Capt. Elisha Phelps House

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Capt. Elisha Phelps House
Elisha Phelps Tavern ca. 1771 Simsbury CT.JPG
The historic Capt. Elisha Phelps Tavern House and Museum
Capt. Elisha Phelps House is located in Connecticut
Capt. Elisha Phelps House
Capt. Elisha Phelps House is located in the US
Capt. Elisha Phelps House
Location 800 Hopmeadow St., Simsbury, Connecticut
Coordinates 41°52′34″N 72°48′05″W / 41.8761°N 72.8013°W / 41.8761; -72.8013Coordinates: 41°52′34″N 72°48′05″W / 41.8761°N 72.8013°W / 41.8761; -72.8013
Area less than one acre
Built 1711, expanded 1771
Architect Lt. David Phelps
Part of Simsbury Center Historic District (#96000356)
NRHP reference # 72001345[1]
Significant dates
Added to NRHP September 22, 1972
Designated CP April 12, 1996

The Captain Elisha Phelps House is a historic house museum at 800 Hopmeadow Street in Simsbury, Connecticut. The colonial-era house was built by David Phelps in 1711. His son Elisha Phelps received the land from his father and expanded the house in 1771.[2] Elisha Phelps along with his brother Noah Phelps and others took part in the capture of Fort Ticonderoga in 1775. Capt. Phelps was appointed as commissary of the Northern Department by the Continental Congress.[3]

The house was used as a hotel named the Canal Hotel, after the War of 1812. It is located along what was the New Haven and Northampton Canal line.[4]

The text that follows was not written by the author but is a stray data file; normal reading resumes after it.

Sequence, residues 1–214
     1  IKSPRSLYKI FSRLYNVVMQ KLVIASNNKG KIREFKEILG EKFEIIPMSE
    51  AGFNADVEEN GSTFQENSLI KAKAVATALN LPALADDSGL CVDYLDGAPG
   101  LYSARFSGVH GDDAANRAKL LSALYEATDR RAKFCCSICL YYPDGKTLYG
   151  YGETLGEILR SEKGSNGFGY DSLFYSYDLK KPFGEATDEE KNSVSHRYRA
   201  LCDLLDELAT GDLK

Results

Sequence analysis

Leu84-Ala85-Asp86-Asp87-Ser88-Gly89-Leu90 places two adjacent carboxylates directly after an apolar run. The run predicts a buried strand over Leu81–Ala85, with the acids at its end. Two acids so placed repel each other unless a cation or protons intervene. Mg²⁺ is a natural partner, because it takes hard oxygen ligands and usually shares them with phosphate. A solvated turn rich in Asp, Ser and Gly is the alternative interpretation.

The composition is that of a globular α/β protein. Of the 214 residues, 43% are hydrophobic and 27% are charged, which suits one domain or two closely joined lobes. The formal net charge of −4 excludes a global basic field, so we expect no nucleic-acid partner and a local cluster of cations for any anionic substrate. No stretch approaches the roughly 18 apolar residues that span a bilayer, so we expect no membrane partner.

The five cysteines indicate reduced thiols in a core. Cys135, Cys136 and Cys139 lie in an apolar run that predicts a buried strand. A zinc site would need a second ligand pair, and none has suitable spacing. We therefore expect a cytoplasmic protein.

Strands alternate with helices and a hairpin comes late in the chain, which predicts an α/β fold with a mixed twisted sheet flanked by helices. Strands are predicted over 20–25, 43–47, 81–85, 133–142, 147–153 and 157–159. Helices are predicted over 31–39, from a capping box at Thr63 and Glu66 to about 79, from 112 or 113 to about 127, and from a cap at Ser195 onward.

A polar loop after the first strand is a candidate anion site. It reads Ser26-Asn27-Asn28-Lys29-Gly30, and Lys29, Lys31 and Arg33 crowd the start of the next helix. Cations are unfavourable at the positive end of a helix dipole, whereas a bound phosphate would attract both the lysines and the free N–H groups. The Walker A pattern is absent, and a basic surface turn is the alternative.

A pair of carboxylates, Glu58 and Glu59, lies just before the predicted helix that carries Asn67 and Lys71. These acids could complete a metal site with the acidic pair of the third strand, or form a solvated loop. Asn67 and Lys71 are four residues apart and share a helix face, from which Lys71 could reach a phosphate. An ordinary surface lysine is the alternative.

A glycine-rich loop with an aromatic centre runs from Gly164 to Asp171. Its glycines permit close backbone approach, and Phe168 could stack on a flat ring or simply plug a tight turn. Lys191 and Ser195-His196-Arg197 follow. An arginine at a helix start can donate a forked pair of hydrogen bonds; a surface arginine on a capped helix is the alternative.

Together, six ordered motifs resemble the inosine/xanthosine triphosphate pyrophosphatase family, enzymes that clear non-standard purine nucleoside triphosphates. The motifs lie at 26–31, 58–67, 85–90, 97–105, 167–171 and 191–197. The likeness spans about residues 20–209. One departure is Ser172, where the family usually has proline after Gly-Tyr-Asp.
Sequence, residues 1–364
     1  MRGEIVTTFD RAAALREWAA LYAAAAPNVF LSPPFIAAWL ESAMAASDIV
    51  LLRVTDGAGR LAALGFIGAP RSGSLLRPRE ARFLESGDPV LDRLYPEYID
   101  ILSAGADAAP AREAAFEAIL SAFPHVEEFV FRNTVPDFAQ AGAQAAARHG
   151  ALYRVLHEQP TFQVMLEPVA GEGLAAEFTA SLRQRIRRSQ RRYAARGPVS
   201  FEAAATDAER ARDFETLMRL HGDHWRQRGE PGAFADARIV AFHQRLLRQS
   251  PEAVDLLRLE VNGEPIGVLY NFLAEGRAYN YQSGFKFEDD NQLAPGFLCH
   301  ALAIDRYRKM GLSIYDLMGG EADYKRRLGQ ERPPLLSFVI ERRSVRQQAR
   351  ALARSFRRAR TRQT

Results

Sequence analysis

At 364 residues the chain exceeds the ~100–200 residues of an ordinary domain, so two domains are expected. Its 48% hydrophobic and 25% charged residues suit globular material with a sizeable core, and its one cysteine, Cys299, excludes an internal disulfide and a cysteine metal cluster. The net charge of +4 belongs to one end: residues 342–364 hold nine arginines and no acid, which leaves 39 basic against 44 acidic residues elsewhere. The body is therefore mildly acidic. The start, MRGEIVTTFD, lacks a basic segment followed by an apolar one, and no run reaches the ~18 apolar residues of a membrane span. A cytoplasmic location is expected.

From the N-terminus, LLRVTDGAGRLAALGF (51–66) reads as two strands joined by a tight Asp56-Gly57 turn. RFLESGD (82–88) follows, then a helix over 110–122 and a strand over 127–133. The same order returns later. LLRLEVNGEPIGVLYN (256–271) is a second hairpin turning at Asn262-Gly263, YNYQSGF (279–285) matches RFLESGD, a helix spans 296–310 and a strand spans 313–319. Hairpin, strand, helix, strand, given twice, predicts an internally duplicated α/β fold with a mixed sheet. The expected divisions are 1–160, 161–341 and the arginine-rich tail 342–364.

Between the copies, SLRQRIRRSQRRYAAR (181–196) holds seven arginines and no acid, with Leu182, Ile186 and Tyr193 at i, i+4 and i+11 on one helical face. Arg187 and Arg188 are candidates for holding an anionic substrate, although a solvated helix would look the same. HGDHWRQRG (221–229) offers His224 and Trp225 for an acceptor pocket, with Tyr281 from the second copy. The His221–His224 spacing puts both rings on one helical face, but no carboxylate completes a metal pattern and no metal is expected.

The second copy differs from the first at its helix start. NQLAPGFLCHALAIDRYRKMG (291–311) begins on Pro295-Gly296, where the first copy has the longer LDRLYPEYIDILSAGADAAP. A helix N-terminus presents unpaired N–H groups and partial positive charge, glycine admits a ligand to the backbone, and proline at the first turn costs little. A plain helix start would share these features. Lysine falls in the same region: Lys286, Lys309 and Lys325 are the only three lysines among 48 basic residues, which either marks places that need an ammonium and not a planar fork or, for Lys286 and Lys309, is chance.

Family life[edit]

Elisha Phelps was born at Simsbury, Connecticut, on October 17, 1737. His father David (May 7, 1710–December 9, 1760) married Abigail Pettibone (April 25, 1731–October 16, 1787) on April 25, 1731. Both families descended from original settlers of Dorchester, Massachusetts (and five years later, Windsor, Massachusetts) who as Puritans arrived in the New World aboard the ship Mary and John in 1630.

He died at age 43 in Albany, New York, on July 14, 1776, from diseases he contracted from the soldiers he cared for there. After his death, the homestead passed from his widow and surviving children to his brother Noah Phelps and until 1962 was the property of his descendants, including Jeffrey O. Phelps.

Phelps Tavern Museum[edit]

The estate is now known as The Phelps Tavern Museum. The museum uses period rooms and interactive exhibits and galleries to interpret the use of the house as an inn from 1786 to 1849. Three successive generations of the Phelps tavern-keepers are chronicled along with the social history of taverns in New England. From Masonic meetings to ordination balls, the Phelps Tavern hosted townspeople and travelers who arrived by horse, stagecoach and canal.[3]

The Phelps Tavern Museum is part of a 2-acre (8,100 m2) complex that includes a museum store, research archives, and period gardens. It is owned and operated by the Simsbury Historical Society.[3]

See also[edit]


  1. ^ National Park Service (2009-03-13). "National Register Information System". National Register of Historic Places. National Park Service. 
  2. ^ Samuel Hart (1917). Encyclopedia of Connecticut Biography: Genealogical-memorial; Representative Citizens. The American Historical Society, Inc. 
  3. ^ a b c The Phelps Tavern Museum Archived 2006-08-04 at the Wayback Machine.
  4. ^ Susan Babbitt (February 15, 1972). "National Register of Historic Places Inventory-Nomination: Captain Elisha Phelps House". National Park Service. 

External links[edit]